the object of the present compilation. the use of Schools and Families. chapter in Genesis, and selects from it, By Alexander Adam. 12mo. pp. 500. and from every chapter in succession,
what is not only best adapted to the 4s. 6d.
capacities of youth, but also what is This is one of those works for which sufficient to make them acquainted with an author can claim no higher merit the principal historical events related than taste in the selection, and judg- in the Old Testament, omitting, howment in the arrangement; but which, ever, “ all bistorical and genealogical notwithstanding, are of more real use registers.” The extracts succeed each to society than many of those imperish- other, with few exceptions, in the same able monuments of genius which have order in which they stand in the Scrip secured the applause and commanded ture, so that the work may be considered the admiration of mankind. What daz- the Scriptures in miniature. The exzles is not always what improves: what ceptions, to which we allude, are met surprizes is not that, with which we love with in the Psalms and the Books of tbe to hold commerce in our softer and more Prophets, “ for the purpose of includretired moments. The great business ing," as the compiler observes in his of life is to become wise and virtuous. preface, “ as many as possible of the Wisdom provides for our happiness in texts most endearingly interesting to this life, -virtue in the next. The Christians, from their affinity to the great advantage which the Bible pos- precepts of the Gospel, and from their sesses, over all other works, is, that it propbetic allusion to the future blessedenables us to attain these two great ness of the righteous.” To accomplish objects. Those who imagine that the this view, the passages bave been taken Bible has no reference to our terrestrial from the several books and so arranged, happiness, and that its aim is solely to as to produce an unbroken relation or lift us to the contemplation of that feli- connexion of sentiment. Any further city which awaits us hereafter, are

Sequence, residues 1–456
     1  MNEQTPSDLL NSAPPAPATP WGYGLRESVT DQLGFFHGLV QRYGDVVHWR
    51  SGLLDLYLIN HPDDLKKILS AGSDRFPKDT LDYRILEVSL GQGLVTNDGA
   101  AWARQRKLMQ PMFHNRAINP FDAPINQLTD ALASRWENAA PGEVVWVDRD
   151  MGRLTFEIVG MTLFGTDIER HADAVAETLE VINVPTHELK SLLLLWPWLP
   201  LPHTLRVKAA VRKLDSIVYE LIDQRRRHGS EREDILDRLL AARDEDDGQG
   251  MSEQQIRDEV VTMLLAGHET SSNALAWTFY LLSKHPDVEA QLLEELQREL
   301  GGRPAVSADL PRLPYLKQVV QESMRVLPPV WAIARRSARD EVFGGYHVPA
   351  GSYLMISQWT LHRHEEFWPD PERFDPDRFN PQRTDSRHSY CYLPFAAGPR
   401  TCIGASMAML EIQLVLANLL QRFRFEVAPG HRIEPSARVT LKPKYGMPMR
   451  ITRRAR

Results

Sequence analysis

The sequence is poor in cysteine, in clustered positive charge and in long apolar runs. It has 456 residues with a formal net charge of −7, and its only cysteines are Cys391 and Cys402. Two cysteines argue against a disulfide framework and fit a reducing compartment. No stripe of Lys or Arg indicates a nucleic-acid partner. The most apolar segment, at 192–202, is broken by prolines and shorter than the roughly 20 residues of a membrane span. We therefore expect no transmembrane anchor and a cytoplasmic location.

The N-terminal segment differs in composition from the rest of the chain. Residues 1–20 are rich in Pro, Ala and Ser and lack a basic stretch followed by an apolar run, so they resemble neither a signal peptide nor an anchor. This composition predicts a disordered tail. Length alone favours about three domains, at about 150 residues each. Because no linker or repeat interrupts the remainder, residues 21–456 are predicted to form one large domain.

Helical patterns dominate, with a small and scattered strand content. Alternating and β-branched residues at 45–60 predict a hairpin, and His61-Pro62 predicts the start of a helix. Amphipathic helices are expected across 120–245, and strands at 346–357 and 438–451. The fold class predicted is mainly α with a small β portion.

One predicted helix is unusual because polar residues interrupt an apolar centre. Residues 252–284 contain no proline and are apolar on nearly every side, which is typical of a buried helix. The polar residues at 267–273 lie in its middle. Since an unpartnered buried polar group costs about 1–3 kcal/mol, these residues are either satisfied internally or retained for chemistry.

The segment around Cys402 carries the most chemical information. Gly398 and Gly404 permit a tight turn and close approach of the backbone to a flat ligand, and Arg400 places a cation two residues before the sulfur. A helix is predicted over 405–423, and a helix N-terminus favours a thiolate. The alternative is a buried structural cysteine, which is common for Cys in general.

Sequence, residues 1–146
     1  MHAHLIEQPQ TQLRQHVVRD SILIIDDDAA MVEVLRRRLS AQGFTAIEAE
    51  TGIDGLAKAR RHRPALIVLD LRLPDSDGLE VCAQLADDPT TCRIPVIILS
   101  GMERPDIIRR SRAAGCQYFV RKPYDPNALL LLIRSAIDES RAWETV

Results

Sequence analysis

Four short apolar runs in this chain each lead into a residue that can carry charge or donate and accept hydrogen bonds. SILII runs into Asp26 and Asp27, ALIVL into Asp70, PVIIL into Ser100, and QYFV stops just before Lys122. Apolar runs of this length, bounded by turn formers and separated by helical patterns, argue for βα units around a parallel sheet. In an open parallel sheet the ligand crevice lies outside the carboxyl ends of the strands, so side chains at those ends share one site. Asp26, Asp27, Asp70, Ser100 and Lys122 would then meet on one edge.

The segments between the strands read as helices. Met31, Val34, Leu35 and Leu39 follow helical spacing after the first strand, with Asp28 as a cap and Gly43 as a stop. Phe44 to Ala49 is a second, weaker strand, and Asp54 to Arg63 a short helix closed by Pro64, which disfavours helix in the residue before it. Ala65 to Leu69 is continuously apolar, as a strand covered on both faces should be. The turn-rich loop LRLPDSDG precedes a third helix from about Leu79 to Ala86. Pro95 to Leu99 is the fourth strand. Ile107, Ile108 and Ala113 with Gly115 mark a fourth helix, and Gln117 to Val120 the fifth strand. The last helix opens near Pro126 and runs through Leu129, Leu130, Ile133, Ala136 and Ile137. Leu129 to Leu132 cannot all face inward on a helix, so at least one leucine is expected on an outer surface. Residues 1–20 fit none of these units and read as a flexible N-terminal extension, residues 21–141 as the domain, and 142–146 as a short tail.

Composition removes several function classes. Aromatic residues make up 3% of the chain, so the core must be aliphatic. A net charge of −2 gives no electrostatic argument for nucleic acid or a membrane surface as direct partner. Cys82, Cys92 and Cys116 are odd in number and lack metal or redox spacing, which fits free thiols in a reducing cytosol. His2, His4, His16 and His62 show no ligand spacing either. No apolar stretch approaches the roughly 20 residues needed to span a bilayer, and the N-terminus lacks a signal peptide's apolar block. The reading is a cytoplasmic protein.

comments on the pature of the work greatly deceived. Whoever is guided would be superfluous. The author has by the moral and social precepts, which
not interfered with the text, and, conit inculcates, must be happy here as sequently, our estimation of this work well as hereafter. With respect to those must be proportionate to our estimation who maintain, that with regard to